Vegas, for all the gambling and smoke, have some saving graces. On our second night after watching Mystere, we headed to the Bellagio. I loved Bellagio’s resplendent autumn display at their conservatory and botanical gardens. It was easy to conjure the haunting notes of the Autumn Leaves in the background. It was perfect, the gourds and flowers were rich and real, and there was the unmistakable scent of autumn in the air. And who could forget the dancing fountains  of the Bellagio?

On our last night there, after watching a show at the Imperial, my husband and I walked to Denny’s for a trans fat-filled, steak and French fries meal. We were famished after all the walking. And then afterwards, we went for a quick look see of the Venetian’s Grand Canal. I didn’t have the chance to glide down the canal, so pictures had to suffice. When your companion prefers to play the slot machines, it is better to concede. After all, he had spent a great portion of the morning and the afternoon following me from shop to shop at the Fashion Show Mall across from Treasure Island.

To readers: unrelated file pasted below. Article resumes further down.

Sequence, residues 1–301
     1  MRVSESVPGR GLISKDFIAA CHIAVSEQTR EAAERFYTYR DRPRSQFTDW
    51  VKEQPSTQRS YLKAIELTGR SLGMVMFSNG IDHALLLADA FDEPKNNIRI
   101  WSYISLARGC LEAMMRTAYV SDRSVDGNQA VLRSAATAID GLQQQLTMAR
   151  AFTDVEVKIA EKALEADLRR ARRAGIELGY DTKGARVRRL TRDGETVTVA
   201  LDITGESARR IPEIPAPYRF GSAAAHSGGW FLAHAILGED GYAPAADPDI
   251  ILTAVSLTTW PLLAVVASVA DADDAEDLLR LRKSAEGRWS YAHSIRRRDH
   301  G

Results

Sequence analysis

About thesweetesthoughts

Wife, mother, writer. Passionate about fitness and exercise, loves architecture and culturally relevant issues.


One thought on “On the Strip: A taste of Vegas

  1. Good luck on your blog! Keep it up — it’s not easy ans it takes a bit of work and time but it does help in writing. (I have to tell myself this too when my energy flags…)

    Never been to Vegas but maybe one day ..:)

    Posted by Sienna | November 8, 2008, 11:49 pm